Firstly, I was a little bummed that I already knew about the character because the author holds back and doesn't reveal Zorro's true identity until the very end of the novel. I obviously knew who Zorro really and had a hard time trying to force myself to forget. Based on the characters in the story and the way things played out, I suspect it still would've been fairly easy to guess at his identity, but I suspect it would have made the experience a bit different.
Another difference that I found interesting was the stark similarities to another literary hero with a secret identity…The Scarlet Pimpernel. Like the Pimpernel, Zorro's true identity is kept secret by the hero's acting like a complete "fop" or "dandy." Don Diego feels faint over the slightest exertion and nearly swoons at the mention of any type of violence or bloodshed. He is Perciville Blakeney taken to an even greater extreme.
Probably the biggest distinction (and somewhat a disappointment) was that the Zorro of the novel was a bit less of a swashbuckler than in the recent productions. While the recent movies had Zorro bounding around fighting dozens of soldiers at a time, the Zorro of the book is certainly an adept swordsman but he forces situations into a very equitable one-on-one fight by forcing other would-be-attackers into corners or holding them at bay with his pistol. While he is still an imposing force and certainly daring to be confronting soldiers in their own garrisons, the action sequences left a bit to be desired and were considerably less tense and exciting than I had hoped for.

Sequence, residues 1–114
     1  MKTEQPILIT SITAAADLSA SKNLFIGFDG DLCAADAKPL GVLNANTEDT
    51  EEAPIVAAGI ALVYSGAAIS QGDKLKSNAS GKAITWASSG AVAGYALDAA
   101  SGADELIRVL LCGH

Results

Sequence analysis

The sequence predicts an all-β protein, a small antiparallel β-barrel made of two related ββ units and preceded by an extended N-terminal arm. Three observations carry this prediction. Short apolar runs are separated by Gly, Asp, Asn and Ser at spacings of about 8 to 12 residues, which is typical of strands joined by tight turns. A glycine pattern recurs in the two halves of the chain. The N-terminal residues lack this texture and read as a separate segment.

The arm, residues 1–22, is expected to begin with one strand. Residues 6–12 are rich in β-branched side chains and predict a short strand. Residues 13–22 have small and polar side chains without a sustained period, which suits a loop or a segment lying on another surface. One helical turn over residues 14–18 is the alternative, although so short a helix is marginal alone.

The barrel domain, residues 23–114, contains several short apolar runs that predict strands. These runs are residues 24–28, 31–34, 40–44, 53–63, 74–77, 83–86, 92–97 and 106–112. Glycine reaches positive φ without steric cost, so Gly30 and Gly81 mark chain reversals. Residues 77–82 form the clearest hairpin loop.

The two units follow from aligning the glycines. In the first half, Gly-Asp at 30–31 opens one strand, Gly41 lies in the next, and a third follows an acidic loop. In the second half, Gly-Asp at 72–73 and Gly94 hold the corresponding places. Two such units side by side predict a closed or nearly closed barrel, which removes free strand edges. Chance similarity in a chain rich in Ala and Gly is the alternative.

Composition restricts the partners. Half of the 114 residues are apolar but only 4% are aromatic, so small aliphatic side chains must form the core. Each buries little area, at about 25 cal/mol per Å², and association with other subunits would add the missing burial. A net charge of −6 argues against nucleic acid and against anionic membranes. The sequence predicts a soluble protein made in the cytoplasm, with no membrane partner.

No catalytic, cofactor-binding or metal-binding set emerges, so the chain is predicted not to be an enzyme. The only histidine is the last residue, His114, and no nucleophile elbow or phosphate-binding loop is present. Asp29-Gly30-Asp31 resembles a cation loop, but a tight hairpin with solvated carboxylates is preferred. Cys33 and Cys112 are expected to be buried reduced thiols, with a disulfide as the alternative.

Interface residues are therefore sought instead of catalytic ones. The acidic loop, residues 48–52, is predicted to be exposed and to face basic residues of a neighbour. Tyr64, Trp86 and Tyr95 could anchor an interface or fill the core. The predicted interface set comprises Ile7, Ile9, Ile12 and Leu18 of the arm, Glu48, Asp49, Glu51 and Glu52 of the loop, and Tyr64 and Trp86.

That general sense of "less than hoped for" sort of sums up my reception to this story. Again, this is likely due to my being tainted by the high action of recent film productions. This is a well crafted story that brings together latin american romance with the fun adventure of an unknown hero standing up for the rights of the poor and oppressed. The character development was interesting but fell into stereotypes at times…again, this could be partly due to film and tv reproductions. These characters were likely not as stereotypical in the early 1900s and in fact I suspect that this book helped form some of the stereotypes we now enjoy in our media today.
Generally I'm glad I read it. I was surprised at the end of the book to see Zorro essentially hang up his cape, hat and mask and state that he would no longer be riding as Zorro. It appears this was intended to be a single book adventure with no long term plans for the hero. The popularity apparently led to additional novels by the same author as well as some additional stories by other authors. I'm curious to see if the continuing stories have more adventure or intrigue. Eventually I may find out.
3.5 out of 5 stars
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